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Zee Sweet Aroma of a Release Magnifique!
on December 27, 2011
Writer Mike Maltese came up with the idea of a cat disguised as a skunk getting chased by an oversexed French version of the genuine article for Chuck Jones to use in 1945's ODOR-ABLE KITTY, but the idea of a continuing series was laughable. After all, the punchline of that cartoon was that the skunk was henpecked and the French accent fake (not to mention the cat he had been chasing was male -- draw your own conclusions). But it must have been in the cards that the skunk was destined for stardom. He returned as "Stinky" in 1947's SCENT-IMENTAL OVER YOU, and achieved immortality when Jones won his first Oscar for FOR SCENT-IMENTAL REASONS in 1949.
This release collects all of the Jones unit's cartoons featuring Pepè Le Pew in one neat little package, and makes no discriminations or reviled alterations like earlier "Super Stars" releases did. Everything is present and accounted for in full-screen, and none of that "1954 and on only" nonsense (making the excuses for the selection on the Foghorn Leghorn release pretty flimsy). The cartoons look absolutely stunning too, allowing one to truly appreciate the work of designers like Robert Gribbroek and Maurice Noble.
In spite of this being a selection of cartoons from one of the most important animation directors of all time at the height of his power, poor Pepè's cartoons don't exactly shine when stacked in a row like this, given that nearly all of the cartoons follow FOR SCENT-IMENTAL REASONS' formula - a black cat gets a white stripe on her back and Pepè tries to woo her. It's not Jones and Maltese at their most creative; these were their bread-and-butter pictures after all. Still, the Pepè formula doesn't embrace a hip iconic status like that of the Road Runner series. Don't judge too harshly though - all of these cartoons were made over a period of some fifteen years, when reuse was an accepted practice in short subjects and the chance of actually seeing a Pepè cartoon at the theaters was one in fifty.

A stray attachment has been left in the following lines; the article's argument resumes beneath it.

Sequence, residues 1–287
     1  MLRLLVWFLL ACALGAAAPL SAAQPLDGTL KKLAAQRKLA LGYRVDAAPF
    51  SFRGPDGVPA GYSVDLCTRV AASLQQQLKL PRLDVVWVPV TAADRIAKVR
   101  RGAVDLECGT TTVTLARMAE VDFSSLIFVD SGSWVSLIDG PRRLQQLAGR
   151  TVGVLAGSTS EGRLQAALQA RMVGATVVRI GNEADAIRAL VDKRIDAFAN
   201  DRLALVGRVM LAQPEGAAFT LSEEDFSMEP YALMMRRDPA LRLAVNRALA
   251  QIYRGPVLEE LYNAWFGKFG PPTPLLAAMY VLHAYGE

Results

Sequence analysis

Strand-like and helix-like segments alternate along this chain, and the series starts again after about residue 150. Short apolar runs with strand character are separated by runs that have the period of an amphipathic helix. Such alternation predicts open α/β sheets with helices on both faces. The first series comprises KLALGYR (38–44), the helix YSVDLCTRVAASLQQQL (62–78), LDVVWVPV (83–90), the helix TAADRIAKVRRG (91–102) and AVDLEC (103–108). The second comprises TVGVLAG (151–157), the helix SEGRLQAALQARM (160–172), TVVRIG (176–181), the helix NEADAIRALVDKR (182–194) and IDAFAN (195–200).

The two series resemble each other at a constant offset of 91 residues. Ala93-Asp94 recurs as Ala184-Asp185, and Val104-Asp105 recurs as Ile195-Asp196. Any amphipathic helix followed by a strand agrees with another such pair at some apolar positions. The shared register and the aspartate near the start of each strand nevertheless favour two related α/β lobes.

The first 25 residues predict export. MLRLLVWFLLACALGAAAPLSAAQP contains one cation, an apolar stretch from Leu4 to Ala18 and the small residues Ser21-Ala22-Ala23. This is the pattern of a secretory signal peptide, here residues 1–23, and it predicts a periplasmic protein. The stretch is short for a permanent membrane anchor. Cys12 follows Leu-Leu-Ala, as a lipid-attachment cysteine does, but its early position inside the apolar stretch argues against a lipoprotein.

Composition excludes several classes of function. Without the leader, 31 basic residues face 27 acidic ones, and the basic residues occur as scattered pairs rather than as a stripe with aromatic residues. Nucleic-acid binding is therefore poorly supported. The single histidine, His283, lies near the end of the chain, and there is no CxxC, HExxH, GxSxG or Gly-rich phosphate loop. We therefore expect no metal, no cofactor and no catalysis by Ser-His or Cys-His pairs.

In spite of any aesthetic shortcomings, "Zee Best of Zee Best" is a solid and watchable compilation, much more so than the Speedy Gonzales disc on the fourth "Golden Collection", and any of the Warner guys' attempts at formula beat the spitfire out of the other studios'. Plus, you get two oddball selections: Art Davis's disgusting ODOR OF THE DAY, featuring a skunk that looks like Pepè but isn't, and DOG POUNDED, a Friz Freleng Tweety & Sylvester classic with a cameo by the skunk at the end. Abe Levitow's REALLY SCENT (him filling in for Jones on a sabbatical from the studio) is also an underrated, charming gem, with the cat _wanting_ to be with Pepè!
So be like Pepè himelf with the ladies, and just _go_ get this without hesitation! Vive L'Amour!